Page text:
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The Wheeler Boys: Finding Common Ground 

EP/documentary bridges hip-hop, country and more

SMOKE 'EM IF YOU GOT EM: Brothers Sean (left) and Garrett Wheeler take five.

A Film Affair Photography

SMOKE 'EM IF YOU GOT EM: Brothers Sean (left) and Garrett Wheeler take five.

Draw a Venn diagram of Atlanta's music scenes — you get a high number of circles with relatively low overlap. The diversity of styles, genres, and talent cultivated here is an asset to the project, but the lack of overlap lets potential collaborations go unrealized. Crops unharvested die in a field. That's what local hip-hop duo the Wheeler Boys thought, and so they decided to make some connections. That drive to bring together disparate scenes is documented in the five-song digital EP and documentary short, Common Ground.

Billed as a "Southern music experiment," Common Ground stews together 33 musicians from Atlanta's country, rap, bluegrass, pop, and funk worlds, among others. Common Ground took five days to write, record, mix, and produce, with the Wheeler Boys and producer Wes Green overseeing everything at the home studio the Crow's Nest. They had been camped there for months, in fact, and the project came out of the Wheelers' regular recording sessions.

The duo — brothers Sean and Garrett Wheeler — are with Zac Brown's imprint Southern Ground, and had been in the studio for nearly a year working on their own upcoming record. They flavor their hip-hop with a lot of country, bluegrass, and down-home elements, and were used to having varied musicians in the studio. "Frankly, the recording process can get mundane after a while," Sean says, "Doing something big like this was also a way for us to take a week and get creative."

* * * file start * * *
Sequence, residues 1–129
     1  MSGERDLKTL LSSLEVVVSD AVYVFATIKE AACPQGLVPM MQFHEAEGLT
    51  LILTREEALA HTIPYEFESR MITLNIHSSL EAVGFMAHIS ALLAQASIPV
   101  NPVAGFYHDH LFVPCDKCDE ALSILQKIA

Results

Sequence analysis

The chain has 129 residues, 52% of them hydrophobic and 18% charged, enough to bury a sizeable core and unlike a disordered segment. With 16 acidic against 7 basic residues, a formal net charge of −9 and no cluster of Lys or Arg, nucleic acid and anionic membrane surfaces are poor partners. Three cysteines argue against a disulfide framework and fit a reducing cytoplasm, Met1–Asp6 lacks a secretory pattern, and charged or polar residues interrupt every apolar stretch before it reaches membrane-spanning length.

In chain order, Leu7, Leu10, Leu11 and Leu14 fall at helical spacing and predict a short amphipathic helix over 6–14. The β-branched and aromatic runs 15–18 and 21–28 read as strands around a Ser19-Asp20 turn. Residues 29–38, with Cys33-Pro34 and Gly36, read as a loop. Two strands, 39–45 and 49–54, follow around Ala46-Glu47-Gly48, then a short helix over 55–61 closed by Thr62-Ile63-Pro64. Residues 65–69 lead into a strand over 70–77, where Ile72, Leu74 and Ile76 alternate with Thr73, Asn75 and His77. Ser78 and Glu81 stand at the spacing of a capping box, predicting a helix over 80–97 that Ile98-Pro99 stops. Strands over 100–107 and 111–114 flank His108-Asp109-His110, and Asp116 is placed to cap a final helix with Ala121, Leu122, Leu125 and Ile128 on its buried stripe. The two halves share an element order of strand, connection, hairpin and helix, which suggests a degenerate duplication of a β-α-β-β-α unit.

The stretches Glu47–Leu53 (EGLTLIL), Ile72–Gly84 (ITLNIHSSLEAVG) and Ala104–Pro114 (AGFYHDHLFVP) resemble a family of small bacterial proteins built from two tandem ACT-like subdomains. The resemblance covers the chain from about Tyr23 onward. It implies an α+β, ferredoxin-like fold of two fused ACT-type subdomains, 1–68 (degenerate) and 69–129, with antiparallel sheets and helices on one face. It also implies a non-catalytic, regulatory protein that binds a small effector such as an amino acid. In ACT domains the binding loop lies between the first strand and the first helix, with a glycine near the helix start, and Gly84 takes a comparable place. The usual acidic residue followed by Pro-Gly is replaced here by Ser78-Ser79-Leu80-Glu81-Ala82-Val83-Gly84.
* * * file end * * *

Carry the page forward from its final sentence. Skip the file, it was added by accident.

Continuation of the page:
Sean and Garrett made calls to various musicians — artists they'd worked with before and those they were hoping to meet. From the funk band Heavy Chevy to rap duo AN-TI, vocalist Bamn Ford, and keyboardist/producer Frankie (Negro League Productions), the 33 artists they culled together offer a healthy sampling of the city's sonic landscape.

"The biggest surprise was that there wasn't any ego involved," Sean says. "Everybody that was there, we know, and we tried to get people that wouldn't be pretentious when they got in the studio. I was surprised by how all these guys do what they do day in and day out, but it's nice as a musician to step out of the box and do something surprising."

Local filmmaker Chris Bone, who directed this year's Scarred but Smarter: The Life and Times of Drivin' N' Cryin', was a high-school friend of the Wheeler Boys and a chance run-in at a grocery store before the recording sessions led to his filming the whole shebang, resulting in a 20-minute documentary film.

Community and creativity were the driving forces behind Common Ground. As such, both the EP's five songs and the short movie are available for free download at www.commongroundga.com. "Our goal was to create something communal, so all 33 artists have equal ownership of the project," Sean says, "Everything is free — everything is downloadable and viewable for anyone."

Sean goes on to add just how pleased he is with all the tracks. But he's most proud of the new connections that have developed between musicians who otherwise wouldn't have crossed paths. "I've seen several of these guys interacting with each other on Facebook and building relationships," he says. "Rappers recruiting musicians, rappers talking to other rappers, connecting people with people and talking about new work."

This weekend's release party at the Masquerade will feature performances by all involved, along with a screening of the film — culminating with a big jam session featuring all the musicians. Ten years after Bubba Sparxxx's Deliverance, country has still only occasionally borrowed from hip-hop (see Colt Ford and Brantley Gilbert's "Dirt Road Anthem"), and hip-hop even less from country. The Wheeler Boys are pushing for that to change, and hoping that adding jazz, bluegrass, and funk will make for even more interesting overlaps.

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